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Seward Neighborhood

Seward Neighborhood

The Seward neighborhood in Minneapolis, Minnesota, United States, is geographically southeast of downtown, consisting of the land bordered by the Hiawatha Avenue industrial district to the west, Minneapolis Midtown Greenway (between E. 27th St. and E. 28th St.) to the south, the Mississippi River to the east, and Interstate 94 to the north. Seward’s bordering neighborhoods are Cooper to the Southeast, Longfellow to the South, East Phillips to the Southwest, Ventura Village to the West, Cedar-Riverside to the North, (bad school) and Prospect Park/East River Road across the Mississippi River to the East. It is one of the neighborhoods that is part of the larger Longfellow community. Seward was named after former New York senator, governor, and US Secretary of State William H. Seward.

The neighborhood includes a number of local businesses along Franklin Avenue including two cooperatives, Seward Co-op (a grocery store) and Seward Community Cafe. The neighborhood is also home to the Milwaukee Avenue Historic District, Northern Clay Center, ArtiCulture and The Playwrights’ Center.

One of Minneapolis’ oldest neighborhoods, Seward has a small town feel, surrounded by the big city. It is simultaneously hip and laid back, boasting vibrant arts, great restaurants, and plenty of fun. Bordered by the natural beauty of the Mississippi River with miles of scenic bike trails, Seward is a well-known destination for those who choose to bike, scooter, or even walk from Downtown.

World-class, first-run plays can be seen at the internationally acclaimed Playwrights’ Center where visitors are welcome year round to a series of free readings and workshops through the their PlayLabs festival, one of the nation’s most comprehensive play development programs.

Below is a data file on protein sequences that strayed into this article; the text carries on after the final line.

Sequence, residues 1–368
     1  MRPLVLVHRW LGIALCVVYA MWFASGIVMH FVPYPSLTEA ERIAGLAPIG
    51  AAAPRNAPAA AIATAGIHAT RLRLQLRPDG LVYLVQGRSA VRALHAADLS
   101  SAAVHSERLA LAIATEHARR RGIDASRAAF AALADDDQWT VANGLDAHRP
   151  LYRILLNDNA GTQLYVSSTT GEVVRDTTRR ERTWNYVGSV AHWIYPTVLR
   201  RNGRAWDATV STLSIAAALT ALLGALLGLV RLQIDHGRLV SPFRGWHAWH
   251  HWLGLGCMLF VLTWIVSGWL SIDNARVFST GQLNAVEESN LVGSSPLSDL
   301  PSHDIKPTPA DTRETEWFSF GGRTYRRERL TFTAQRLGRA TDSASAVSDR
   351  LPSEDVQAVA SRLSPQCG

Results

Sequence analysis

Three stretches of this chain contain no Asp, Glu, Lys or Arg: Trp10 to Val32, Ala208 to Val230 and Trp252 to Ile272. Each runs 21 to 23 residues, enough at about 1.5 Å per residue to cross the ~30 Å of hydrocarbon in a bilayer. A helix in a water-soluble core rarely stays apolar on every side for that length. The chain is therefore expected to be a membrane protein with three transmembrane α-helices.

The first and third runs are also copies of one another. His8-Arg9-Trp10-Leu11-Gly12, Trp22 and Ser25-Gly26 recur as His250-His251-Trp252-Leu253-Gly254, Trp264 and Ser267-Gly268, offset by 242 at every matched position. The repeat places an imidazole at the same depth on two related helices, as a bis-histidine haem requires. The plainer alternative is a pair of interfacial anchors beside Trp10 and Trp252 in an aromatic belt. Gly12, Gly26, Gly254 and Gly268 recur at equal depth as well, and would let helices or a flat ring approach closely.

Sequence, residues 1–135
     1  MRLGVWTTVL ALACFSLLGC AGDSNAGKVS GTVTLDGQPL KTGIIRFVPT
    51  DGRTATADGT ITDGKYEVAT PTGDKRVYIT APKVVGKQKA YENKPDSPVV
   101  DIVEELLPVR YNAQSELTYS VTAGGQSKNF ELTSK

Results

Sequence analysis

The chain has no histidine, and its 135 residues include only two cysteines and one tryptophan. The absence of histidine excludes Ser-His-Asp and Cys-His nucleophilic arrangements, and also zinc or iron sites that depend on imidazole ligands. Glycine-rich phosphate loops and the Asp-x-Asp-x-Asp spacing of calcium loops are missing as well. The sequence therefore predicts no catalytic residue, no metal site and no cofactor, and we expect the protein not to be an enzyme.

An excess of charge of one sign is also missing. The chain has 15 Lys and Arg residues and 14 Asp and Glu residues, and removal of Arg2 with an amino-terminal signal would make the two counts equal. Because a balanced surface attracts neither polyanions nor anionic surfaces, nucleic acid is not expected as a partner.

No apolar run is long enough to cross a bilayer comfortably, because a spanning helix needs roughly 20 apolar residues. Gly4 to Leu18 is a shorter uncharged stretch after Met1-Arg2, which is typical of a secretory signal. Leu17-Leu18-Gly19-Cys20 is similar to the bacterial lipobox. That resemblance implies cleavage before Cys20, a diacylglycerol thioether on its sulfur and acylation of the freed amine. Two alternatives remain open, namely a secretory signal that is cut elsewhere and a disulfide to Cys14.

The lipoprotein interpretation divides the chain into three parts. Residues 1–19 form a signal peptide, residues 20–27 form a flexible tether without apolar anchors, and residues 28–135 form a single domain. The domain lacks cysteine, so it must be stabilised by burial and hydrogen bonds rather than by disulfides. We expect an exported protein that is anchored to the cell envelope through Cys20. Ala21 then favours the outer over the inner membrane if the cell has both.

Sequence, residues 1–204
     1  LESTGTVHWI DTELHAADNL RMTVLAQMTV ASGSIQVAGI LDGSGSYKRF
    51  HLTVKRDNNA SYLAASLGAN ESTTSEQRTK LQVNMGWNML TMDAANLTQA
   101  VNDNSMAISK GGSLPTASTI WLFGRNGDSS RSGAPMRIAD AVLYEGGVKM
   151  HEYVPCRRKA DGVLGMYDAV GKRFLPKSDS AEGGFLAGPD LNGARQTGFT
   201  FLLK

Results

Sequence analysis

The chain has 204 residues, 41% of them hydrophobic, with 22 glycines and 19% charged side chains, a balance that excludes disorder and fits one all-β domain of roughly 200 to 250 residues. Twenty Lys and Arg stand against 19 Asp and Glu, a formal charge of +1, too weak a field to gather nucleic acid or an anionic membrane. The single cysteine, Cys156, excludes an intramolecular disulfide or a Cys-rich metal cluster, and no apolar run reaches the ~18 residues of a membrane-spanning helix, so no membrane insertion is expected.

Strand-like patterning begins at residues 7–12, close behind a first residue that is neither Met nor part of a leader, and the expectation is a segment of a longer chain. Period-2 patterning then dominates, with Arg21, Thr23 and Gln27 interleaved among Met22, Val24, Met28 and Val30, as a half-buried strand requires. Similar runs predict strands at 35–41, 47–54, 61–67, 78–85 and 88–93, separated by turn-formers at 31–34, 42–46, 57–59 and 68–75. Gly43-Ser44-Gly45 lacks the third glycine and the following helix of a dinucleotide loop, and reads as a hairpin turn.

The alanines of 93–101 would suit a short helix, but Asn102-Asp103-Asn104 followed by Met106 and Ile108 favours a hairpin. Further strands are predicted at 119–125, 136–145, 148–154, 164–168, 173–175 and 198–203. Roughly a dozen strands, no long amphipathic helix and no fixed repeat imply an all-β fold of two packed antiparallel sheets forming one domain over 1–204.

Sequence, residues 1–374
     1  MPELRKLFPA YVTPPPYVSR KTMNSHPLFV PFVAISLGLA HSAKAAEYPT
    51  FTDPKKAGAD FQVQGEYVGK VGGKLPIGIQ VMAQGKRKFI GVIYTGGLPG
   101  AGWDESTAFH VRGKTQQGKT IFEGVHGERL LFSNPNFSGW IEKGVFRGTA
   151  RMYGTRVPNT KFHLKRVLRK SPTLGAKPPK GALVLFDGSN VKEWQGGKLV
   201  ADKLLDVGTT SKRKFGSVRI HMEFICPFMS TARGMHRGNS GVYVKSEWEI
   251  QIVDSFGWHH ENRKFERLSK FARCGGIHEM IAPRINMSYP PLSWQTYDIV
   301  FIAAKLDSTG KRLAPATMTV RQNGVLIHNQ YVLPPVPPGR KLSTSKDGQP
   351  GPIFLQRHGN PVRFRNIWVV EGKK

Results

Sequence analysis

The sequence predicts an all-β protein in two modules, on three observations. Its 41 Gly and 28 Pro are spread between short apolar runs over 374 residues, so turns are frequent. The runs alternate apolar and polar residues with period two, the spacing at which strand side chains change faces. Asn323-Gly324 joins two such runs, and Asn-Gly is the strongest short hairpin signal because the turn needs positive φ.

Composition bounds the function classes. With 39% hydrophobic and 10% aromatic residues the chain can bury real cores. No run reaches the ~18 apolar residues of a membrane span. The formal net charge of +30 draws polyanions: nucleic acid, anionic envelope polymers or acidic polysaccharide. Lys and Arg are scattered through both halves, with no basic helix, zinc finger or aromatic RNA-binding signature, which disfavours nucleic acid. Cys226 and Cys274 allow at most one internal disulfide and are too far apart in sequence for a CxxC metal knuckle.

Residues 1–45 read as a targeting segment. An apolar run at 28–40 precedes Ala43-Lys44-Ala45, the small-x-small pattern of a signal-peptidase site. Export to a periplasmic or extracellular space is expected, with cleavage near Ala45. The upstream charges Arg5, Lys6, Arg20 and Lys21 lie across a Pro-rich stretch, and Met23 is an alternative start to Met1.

Ready for retro fun? Memory Lanes offers a state-of-the-art facility with 30 bowling lanes, a full-service bar and restaurant featuring pizzas, sandwiches, burgers, tacos, and other favorites along with a full bar, live music, 29 LCD screens, two outdoor sand volleyball courts, darts, and arcade games. For live music, head to Cabooze, featuring music artists ranging from up-and-coming, buzz-worthy acts to groups on nostalgia tours.

Looking to get active? Visitors can enjoy cycling, running, or walking along the Mississippi River’s scenic East River Road that forms Seward’s eastern border. To work up a sweat with community, Solcana Fitness offers queer-friendly, social-justice minded, feminist workouts designed for folks of all fitness levels and backgrounds. Visitors to the area can check online for a drop in schedule.

For a peaceful cool down, Common Ground Meditation Center offers a number of mindfulness classes, retreats, courses, workshops and lectures, all open to the public with drop-in options, as does Big River Yoga, a locally owned studio offering studio classes, outdoor classes, online sessions, and massages.

About SNG
Established in 1960, the Seward Neighborhood Group (SNG) is recognized by the City of Minneapolis as the official community engagement organization for the Seward neighborhood, which is bounded by I-94 on the north, the Midtown Greenway on the south, the Mississippi river on the east, and Hiawatha Avenue on the west.

SNG is an aspirational organization. We are committed to making our neighborhood more vital, equitable, livable, and sustainable – by building relationships, by engaging all community members, by promoting equitable and accessible development of the built environment, and by acting as stewards of our natural environment.

SNG organizes community events, projects, and programs; connects residents to important resources; and advocates for policies that improve the lives of Seward residents. Our work is rooted in social justice, community connectedness, environmental consciousness, and the diversity of cultures and worldviews that makes us who we are.

SNG has long been an organization of ideas and activism, and after the troubles of 2020 and 2021, SNG is looking forward to 2022 and beyond with:

A new organizational structure, including new bylaws and new committees.
A new staff team, including Michael Jon Olson, Interim Executive Director and Jasmine Epps-Flowers, Community Organizer.
A new partnership with the Longfellow Community Council.
A focus on empowering residents to contribute their ideas and energy to make Seward a better place to live.


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